Maternal Infection Requiring Hospitalization During Pregnancy and Autism Spectrum Disorders
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Exposure to prenatal infection has been suggested to cause deficiencies in fetal neurodevelopment. In this study we included all children born in Denmark from 1980, through 2005. Diagnoses of autism spectrum disorders (ASDs) and maternal infection were obtained through nationwide registers. Data was analyzed using Cox proportional hazards regression. No association was found between any maternal infection and diagnosis of ASDs in the child when looking at the total period of pregnancy: adjusted hazard ratio = 1.14 (CI: 0.96–1.34). However, admission to hospital due to maternal viral infection in the first trimester and maternal bacterial infection in the second trimester were found to be associated with diagnosis of ASDs in the offspring, adjusted hazard ratio = 2.98 (CI: 1.29–7.15) and adjusted hazard ratio = 1.42 (CI: 1.08–1.87), respectively. Our results support prior hypotheses concerning early prenatal viral infection increasing the risk of ASDs.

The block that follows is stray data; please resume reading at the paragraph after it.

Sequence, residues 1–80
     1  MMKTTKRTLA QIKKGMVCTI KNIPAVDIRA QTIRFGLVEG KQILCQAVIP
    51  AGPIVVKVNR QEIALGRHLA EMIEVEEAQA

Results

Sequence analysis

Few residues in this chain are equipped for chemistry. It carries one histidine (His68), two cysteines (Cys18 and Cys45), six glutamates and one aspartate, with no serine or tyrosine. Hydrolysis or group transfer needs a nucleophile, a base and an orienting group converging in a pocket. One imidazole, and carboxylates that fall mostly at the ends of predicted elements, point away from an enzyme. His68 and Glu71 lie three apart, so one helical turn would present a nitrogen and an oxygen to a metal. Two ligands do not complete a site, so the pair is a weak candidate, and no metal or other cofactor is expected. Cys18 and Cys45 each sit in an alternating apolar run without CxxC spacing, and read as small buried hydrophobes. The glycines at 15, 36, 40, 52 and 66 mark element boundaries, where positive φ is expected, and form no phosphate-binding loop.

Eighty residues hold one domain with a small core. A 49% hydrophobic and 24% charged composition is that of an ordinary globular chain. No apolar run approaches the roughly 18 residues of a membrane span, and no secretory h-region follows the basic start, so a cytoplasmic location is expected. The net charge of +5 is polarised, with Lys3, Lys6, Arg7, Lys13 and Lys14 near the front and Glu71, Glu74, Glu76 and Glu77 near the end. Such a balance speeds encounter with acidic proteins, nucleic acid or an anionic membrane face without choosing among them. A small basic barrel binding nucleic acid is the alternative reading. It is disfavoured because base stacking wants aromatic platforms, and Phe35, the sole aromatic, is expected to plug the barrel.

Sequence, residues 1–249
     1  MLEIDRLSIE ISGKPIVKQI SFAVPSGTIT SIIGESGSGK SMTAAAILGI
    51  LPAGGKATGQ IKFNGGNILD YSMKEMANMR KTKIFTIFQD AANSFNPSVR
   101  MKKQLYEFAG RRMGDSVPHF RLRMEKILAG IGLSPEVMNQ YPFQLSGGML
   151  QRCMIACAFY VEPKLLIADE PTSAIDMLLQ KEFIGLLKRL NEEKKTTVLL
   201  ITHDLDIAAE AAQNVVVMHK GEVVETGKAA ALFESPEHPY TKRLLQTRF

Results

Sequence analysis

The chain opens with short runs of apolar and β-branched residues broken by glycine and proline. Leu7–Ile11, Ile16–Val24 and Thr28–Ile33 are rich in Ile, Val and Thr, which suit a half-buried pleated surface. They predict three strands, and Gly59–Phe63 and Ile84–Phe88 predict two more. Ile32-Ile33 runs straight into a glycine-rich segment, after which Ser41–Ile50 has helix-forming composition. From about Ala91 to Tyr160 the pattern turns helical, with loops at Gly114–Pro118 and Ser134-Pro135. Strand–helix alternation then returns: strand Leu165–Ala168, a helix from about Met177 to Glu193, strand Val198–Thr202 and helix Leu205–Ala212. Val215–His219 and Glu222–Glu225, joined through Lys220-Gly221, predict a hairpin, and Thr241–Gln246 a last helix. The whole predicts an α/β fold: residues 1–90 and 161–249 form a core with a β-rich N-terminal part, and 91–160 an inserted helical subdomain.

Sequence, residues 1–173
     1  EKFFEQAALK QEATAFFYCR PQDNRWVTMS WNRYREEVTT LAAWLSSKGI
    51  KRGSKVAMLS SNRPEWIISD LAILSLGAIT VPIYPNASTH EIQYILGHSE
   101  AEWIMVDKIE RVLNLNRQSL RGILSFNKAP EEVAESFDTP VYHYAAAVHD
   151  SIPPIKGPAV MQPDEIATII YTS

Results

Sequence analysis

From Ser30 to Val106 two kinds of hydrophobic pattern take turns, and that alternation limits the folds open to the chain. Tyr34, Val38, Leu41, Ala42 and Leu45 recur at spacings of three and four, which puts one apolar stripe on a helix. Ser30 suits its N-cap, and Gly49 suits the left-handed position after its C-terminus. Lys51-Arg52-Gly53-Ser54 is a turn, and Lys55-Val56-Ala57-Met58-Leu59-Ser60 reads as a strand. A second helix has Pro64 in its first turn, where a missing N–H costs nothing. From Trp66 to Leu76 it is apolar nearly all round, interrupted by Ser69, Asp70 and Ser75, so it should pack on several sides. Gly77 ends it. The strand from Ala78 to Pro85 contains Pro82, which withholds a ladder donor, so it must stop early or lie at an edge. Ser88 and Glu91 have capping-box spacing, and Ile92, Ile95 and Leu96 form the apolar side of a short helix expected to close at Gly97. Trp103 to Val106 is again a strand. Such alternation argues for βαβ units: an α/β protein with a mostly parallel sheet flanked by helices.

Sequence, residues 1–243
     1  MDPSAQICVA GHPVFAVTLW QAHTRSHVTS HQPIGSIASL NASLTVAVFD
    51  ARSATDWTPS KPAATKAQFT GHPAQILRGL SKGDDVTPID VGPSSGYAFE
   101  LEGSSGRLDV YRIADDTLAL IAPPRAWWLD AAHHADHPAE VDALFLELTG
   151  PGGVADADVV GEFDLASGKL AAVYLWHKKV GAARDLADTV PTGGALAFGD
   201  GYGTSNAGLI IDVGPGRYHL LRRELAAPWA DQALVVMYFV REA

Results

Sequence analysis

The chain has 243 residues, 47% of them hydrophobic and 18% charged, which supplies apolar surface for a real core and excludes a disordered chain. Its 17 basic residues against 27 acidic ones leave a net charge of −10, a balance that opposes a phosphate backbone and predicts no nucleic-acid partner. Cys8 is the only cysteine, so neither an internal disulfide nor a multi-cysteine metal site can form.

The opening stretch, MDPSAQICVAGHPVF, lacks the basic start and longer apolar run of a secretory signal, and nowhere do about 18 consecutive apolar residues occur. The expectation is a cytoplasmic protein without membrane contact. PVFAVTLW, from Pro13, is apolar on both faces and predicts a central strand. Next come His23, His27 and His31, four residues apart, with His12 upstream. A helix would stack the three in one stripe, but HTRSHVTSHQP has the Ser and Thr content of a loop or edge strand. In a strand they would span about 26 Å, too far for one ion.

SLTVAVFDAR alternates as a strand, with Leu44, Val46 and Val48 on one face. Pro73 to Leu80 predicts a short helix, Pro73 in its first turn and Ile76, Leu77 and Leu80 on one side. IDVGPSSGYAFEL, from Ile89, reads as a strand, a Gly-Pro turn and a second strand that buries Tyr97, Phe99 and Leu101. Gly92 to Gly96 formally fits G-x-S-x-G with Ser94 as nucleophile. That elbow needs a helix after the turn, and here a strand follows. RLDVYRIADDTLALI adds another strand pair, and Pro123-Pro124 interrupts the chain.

KeywordsAutism spectrum disorder Autism Infection Influenza Prenatal infection Maternal infection
Funding was provided by the Aarhus University Research Foundation, the Aase and Ejnar Danielsens Foundation, the Augustinus Foundation, and the Familien Hede Nielsens Foundation. The funding sources did not participate in any part of the performance of the study. The authors thank the Aarhus University Hospital, Skejby for their assistance during the validation process.
The findings and conclusions in this report are those of the authors and do not necessarily represent the official position of the Centers for Disease Control and Prevention.
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